Characterization of composites containing NiAl2O4 spinel phase from Al2O3/NiO and Al2O3/Ni systems
Characterization of composites containing NiAl2O4 spinel phase from Al2O3/NiO and Al2O3/Ni systems
Justyna Zygmuntowicz 0 1 2
Paulina Wiecin´ ska 0 1 2
Aleksandra Miazga 0 1 2
Katarzyna Konopka 0 1 2
0 Faculty of Chemistry, Warsaw University of Technology , 3 Noakowskiego St., 00-664 Warsaw , Poland
1 Faculty of Materials Science and Engineering, Warsaw University of Technology , 141 Woloska St., 02-507 Warsaw , Poland
2 & Justyna Zygmuntowicz
This paper focused on the characterization of the composites containing nickel aluminate spinel from Al2O3/NiO and Al2O3/Ni systems. The composites were prepared by die pressing of powders and subsequent sintering of green bodies in air atmosphere. Composites were characterized by XRD, SEM, EDS and DTA/TG/MS analyses. The physical properties of the composites were measured by Archimedes method. Quantitative description of the composites microstructure was made on the basis of SEM images using computer image analysis. The XRD studies and SEM observations of composites confirmed the presence of two phases Al2O3 and NiAl2O4 in the whole volume of samples from both systems. Spinel phase was evenly distributed throughout the volume of the material. Morphology of NiAl2O4 obtained from both systems was characterized by the presence of voids. The DTA/TG/MS measurements showed the characteristics of organic binder decomposition and type of gases released to the atmosphere during thermal treatment. Moreover, the DTA/TG analysis showed the temperature of spinel-phase formation for both systems. It was found that the spinel-phase NiAl2O4 formation retards the process of densification. Therefore, it can be concluded that densification of samples with spinel phase depends mainly on the volume of spinel phase in composite material and does not depend on the substrates used to prepare spinel phase. The values of the selected properties of Al2O3-Ni- and Al2O3-NiO-based materials confirmed that the physical properties depend on the type of substrates used in the fabrication of composites. The type of powder influences the open porosity of samples. For composites produced using NiO powder, open porosity is lower than for samples formed with nickel powder.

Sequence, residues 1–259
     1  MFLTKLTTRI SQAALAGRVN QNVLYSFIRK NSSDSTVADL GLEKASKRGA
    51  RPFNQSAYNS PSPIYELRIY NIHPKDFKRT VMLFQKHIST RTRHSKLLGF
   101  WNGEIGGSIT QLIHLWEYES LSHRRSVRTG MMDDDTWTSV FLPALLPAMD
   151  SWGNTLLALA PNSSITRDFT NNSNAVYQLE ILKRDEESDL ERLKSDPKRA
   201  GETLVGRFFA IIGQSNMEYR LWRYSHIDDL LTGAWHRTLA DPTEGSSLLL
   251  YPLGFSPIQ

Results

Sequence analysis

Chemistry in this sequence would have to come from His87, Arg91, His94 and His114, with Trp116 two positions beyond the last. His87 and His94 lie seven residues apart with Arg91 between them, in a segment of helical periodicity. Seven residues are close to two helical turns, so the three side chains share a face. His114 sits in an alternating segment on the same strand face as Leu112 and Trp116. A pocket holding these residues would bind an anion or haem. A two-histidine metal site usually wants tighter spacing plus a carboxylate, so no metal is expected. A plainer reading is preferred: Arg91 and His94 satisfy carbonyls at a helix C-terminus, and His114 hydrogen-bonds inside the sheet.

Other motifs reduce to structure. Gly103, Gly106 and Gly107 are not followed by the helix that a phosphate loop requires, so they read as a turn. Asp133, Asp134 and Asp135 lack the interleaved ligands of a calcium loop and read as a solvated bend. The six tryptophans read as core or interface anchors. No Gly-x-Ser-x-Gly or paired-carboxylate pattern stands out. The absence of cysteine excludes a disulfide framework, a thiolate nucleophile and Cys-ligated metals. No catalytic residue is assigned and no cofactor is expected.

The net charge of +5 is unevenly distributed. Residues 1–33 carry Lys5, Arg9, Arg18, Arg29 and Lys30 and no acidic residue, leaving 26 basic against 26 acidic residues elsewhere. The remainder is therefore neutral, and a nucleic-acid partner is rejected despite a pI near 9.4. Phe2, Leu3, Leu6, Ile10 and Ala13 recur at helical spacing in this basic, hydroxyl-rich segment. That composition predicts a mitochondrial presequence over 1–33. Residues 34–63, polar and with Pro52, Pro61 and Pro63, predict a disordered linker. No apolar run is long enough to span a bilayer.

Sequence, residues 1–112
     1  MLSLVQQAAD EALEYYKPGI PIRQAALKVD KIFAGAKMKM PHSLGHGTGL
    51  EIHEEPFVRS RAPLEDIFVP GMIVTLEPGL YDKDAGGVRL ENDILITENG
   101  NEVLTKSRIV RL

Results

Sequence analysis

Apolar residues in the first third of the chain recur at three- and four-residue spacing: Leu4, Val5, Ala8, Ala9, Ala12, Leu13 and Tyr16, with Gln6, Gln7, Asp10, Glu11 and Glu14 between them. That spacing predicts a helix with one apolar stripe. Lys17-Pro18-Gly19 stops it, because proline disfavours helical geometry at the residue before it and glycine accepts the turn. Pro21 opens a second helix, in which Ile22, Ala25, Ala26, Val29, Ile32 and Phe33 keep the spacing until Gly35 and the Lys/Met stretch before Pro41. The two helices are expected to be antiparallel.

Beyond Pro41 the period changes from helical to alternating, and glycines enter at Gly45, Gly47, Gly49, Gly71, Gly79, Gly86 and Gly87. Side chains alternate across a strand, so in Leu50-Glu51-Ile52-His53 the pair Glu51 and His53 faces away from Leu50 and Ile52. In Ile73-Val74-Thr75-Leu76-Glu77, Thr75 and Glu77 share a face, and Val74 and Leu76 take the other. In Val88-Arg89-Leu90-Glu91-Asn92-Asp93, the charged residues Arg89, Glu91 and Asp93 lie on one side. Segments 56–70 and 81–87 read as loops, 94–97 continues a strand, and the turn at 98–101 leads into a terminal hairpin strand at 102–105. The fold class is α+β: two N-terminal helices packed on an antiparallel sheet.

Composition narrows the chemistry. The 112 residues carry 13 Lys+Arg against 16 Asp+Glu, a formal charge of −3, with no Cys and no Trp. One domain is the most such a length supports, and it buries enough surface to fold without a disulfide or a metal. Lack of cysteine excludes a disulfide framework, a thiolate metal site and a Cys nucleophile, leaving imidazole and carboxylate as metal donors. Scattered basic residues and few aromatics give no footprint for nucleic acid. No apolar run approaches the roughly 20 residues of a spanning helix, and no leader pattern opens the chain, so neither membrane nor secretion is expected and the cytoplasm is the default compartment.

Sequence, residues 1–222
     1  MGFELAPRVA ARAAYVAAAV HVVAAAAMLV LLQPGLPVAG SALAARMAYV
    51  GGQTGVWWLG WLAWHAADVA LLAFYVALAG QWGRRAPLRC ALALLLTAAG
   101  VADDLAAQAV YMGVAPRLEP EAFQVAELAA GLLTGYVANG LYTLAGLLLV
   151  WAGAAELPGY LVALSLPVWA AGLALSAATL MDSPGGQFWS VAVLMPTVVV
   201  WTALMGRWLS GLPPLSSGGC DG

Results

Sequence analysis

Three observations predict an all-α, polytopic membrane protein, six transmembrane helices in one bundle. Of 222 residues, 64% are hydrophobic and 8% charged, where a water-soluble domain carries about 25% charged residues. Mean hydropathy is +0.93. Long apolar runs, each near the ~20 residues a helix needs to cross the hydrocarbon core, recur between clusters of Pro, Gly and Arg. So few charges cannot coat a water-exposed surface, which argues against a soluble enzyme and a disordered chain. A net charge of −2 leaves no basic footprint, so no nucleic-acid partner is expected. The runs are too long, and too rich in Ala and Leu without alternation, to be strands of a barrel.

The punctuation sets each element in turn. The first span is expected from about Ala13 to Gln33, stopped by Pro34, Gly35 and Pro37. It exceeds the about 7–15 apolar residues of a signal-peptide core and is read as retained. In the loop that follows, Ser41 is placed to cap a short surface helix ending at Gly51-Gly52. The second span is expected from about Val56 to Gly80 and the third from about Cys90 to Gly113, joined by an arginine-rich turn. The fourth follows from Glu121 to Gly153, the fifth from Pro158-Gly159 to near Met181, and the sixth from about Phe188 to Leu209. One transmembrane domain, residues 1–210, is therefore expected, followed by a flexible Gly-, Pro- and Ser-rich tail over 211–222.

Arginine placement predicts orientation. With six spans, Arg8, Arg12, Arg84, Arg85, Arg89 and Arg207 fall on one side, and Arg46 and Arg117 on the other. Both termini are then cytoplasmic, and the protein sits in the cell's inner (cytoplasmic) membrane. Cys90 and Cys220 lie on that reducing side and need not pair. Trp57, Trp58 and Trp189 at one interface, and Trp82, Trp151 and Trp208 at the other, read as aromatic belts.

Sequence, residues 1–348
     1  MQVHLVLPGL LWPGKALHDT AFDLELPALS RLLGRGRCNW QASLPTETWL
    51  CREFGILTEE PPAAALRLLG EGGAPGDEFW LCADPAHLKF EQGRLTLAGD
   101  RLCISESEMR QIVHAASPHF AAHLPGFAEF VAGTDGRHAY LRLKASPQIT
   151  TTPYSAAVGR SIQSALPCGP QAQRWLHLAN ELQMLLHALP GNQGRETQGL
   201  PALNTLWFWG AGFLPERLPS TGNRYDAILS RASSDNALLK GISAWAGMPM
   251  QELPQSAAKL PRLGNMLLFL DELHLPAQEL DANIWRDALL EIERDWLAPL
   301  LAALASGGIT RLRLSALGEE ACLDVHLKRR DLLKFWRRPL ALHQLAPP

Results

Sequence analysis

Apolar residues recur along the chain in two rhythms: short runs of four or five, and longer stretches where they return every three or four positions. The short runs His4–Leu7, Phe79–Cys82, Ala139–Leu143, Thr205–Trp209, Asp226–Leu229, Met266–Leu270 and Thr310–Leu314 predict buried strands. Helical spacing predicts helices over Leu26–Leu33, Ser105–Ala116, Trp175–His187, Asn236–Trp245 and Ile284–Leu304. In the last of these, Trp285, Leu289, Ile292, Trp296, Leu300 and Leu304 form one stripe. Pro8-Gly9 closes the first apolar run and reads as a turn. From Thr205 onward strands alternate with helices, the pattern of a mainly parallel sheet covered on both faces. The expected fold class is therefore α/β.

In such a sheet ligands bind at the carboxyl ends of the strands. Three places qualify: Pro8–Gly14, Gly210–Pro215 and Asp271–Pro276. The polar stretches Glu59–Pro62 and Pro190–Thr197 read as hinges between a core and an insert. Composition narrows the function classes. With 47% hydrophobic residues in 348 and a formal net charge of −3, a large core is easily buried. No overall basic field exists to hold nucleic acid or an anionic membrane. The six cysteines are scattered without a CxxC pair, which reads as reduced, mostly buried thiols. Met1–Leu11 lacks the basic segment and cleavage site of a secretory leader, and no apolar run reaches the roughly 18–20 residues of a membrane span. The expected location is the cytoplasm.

Al2O3–NiO Al2O3–Ni Spinel-phase
In the past few years, the use of composite materials has
significantly increased in various applications due to the
unique characteristics of these materials in comparison
with metals, ceramics or polymers. The composites
containing spinel phase are characterized by stability in high
temperature, chemical resistance, abrasion resistance and
high hardness [
]. A particular type of such materials is
composites from Al2O3–Ni and Al2O3–NiO systems with
spinel-phase NiAl2O4. The composites containing spinel
phase are widely used due to their unique properties.
Moreover, in the last few years they are the subject of
many studies. For example, the composites NiAl2O4/Al2O3
are applied as structural ceramic materials [
with the nickel aluminate phase (NiAl2O4) are also used as
catalysts or precatalysts for steam reforming or as electrode